Why is it Important to be Open-minded?

“So, what does English research look like?”

I was sitting across from my friend, Andy, at Espresso the other day when he asked me this question.  The conversation had wandered to the topic of school, and I’d mentioned that for one of my English classes I would eventually have to write a 10- to 20-page research paper.  Andy, a Physics major who aspires to go to grad school and become a professor, inquisitively responded with the above question.  He quickly explained that he wasn’t doubting or discounting research within the English discipline, but that his world of String Theory and thermodynamics was so far from my world of literature that he genuinely didn’t know what my research would look like. 


I’m so happy that Andy asked me this question, because it demonstrates a trait that we can all strive to incorporate more into our lives: open-mindedness.  Being open-minded is something our parents and teachers taught us to do, something they told us to work on when we were being difficult or stubborn.  Sometimes being open-minded is easy, and sometimes it’s quite hard.  But what does being open-minded mean, and, more importantly, what does being open-minded look like, especially on a college campus?

In true English major fashion, I’ll start by providing a dictionary definition: the adjective open-minded means “willing to consider new ideas; unprejudiced.”  I like this definition because it’s simple and concise.  But to really understand the depth that’s hidden beneath the simplicity, we need to ask ourselves what kinds of thoughts and actions correspond to such a definition.  This brings me to share, in my own opinion, what being open-minded looks like:

1. Being open-minded is trying new things.

A bit cliché but ever so true.  To be willing to consider new ideas, we have to expose ourselves to new things, whether they are extra-curricular, academic, cultural, etc., or some sort of combination.  Maybe it simply means inserting yourself into a conversation that you wouldn’t normally insert yourself into and seeing both what you can learn and what you can contribute.  (On that note: It’s on my graduation bucket list to attend one of the “Lunch On Us” sessions hosted by the various cultural and resource centers on campus.  Sounds like a really cool opportunity to enter into diverse discussions!)  

2. Being open-minded is seeking interactions with people who have personalities, interests, and talents different from our own. 

There are a lot of ways to do this, but the one that I’d like to emphasize is simply starting more conversations with people who have a different major than you.  It may not seem earth shattering to suggest this, but we can all benefit from it.  Branching out can help us avoid viewing someone’s major as a default categorization rather than a starting point for getting to know her.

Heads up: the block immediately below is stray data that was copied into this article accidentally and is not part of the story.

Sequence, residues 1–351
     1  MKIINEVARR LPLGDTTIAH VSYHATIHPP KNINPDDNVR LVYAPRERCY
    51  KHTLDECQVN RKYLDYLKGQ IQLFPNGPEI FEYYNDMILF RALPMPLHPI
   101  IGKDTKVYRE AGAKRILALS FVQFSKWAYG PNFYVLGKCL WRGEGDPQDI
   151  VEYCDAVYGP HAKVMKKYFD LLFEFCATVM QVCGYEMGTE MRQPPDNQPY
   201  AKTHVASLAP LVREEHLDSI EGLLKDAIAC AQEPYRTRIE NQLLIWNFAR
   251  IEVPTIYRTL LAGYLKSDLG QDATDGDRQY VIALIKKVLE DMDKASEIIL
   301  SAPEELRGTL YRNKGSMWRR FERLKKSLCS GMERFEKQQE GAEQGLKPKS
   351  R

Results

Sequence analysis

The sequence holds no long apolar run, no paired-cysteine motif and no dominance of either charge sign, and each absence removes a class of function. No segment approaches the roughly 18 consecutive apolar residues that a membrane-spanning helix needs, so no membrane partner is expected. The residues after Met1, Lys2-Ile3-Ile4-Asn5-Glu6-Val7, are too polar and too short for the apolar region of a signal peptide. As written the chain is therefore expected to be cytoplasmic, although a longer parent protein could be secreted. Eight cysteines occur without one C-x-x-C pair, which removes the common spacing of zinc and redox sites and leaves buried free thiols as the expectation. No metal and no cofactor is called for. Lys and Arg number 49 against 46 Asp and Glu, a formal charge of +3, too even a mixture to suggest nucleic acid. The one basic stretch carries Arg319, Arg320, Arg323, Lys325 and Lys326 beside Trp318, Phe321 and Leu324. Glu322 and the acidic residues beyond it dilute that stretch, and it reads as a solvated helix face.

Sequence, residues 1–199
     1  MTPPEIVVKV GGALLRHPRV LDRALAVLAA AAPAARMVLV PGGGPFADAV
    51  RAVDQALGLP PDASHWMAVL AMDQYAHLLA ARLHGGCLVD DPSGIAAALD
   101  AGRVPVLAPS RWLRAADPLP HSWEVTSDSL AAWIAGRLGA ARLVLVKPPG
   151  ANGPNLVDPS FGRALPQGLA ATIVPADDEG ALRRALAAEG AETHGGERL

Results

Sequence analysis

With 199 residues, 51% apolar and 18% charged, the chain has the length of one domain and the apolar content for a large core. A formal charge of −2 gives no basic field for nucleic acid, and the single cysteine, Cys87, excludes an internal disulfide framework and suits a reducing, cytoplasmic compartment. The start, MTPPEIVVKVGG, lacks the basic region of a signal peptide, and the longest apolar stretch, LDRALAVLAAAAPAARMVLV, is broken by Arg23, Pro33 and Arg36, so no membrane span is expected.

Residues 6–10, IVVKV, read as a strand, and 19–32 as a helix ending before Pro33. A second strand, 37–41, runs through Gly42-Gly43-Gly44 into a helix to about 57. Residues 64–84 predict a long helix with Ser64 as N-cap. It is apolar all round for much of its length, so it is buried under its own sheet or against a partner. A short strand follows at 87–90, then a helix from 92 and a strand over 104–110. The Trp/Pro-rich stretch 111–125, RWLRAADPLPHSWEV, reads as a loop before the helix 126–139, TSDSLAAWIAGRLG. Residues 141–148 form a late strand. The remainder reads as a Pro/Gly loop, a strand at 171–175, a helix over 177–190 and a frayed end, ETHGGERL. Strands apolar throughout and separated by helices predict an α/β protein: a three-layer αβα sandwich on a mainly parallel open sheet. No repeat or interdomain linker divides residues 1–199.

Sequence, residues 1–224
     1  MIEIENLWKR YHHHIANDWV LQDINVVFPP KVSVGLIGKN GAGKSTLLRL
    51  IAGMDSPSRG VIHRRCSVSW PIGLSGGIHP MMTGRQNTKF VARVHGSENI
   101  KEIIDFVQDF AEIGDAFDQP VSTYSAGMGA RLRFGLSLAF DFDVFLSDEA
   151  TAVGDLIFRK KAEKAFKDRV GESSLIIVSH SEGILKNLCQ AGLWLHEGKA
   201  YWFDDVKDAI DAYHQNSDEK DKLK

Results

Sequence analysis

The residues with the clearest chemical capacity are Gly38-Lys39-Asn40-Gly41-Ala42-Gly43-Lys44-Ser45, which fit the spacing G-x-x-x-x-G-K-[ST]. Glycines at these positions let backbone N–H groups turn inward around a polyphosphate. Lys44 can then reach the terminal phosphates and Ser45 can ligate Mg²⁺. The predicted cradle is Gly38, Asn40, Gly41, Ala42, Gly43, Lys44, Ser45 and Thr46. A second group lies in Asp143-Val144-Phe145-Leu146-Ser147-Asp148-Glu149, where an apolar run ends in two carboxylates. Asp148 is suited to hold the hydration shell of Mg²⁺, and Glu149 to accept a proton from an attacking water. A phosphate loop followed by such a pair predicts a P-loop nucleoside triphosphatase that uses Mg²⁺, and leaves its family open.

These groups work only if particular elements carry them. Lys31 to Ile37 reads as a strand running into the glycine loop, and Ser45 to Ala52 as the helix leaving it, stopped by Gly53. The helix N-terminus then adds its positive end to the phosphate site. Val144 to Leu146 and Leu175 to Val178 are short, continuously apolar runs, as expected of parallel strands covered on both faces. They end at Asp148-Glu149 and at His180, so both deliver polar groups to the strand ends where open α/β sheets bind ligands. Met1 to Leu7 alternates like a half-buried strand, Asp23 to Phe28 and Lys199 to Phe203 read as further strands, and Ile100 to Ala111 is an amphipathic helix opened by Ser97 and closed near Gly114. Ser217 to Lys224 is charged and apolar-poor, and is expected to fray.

So next time you’re at the bar or in your dorm or in that boring gen ed and you’re about to get caught up talking to your best friend, try saying hello to the girl who’s a mutual friend that you don’t run into as often, who studies something you don't know as much about.  Get a glimpse into her life, and then let her get a glimpse into yours.  You might just make a new friend! 

3. Being open-minded is, ultimately, asking questions. 

Think back to when you were a kid and you had a boatload of questions about everything and raising your hand in class was a big deal.  Channel that youthful spirit and bring it into your life again!  Be curious.  Be bold.  Be genuine and sincere and, if necessary, make it known that the question is coming from a good place, like my friend, Andy, did.  It makes all the difference.  


Andy happily and attentively listened to my quick summary of literary criticism and analysis in answer to his question.  He even asked follow-up questions–“so in physics we have the whole hypothesis-experiment-conclusion set-up; how does it work for you?”­–which I really appreciated and also kept the conversation going.  Andy’s genuine interest in hearing about what I do as an English major meant a lot to me.  In an environment as competitive as a college campus, it’s important that we're able to step outside of ourselves and support one another, no matter our disciplines.  At the end of the day, we’re all just looking to get a degree and see what we’re made of.  Having an open-mind about that process and the people we meet along the way is only going to shape our experiences for the better.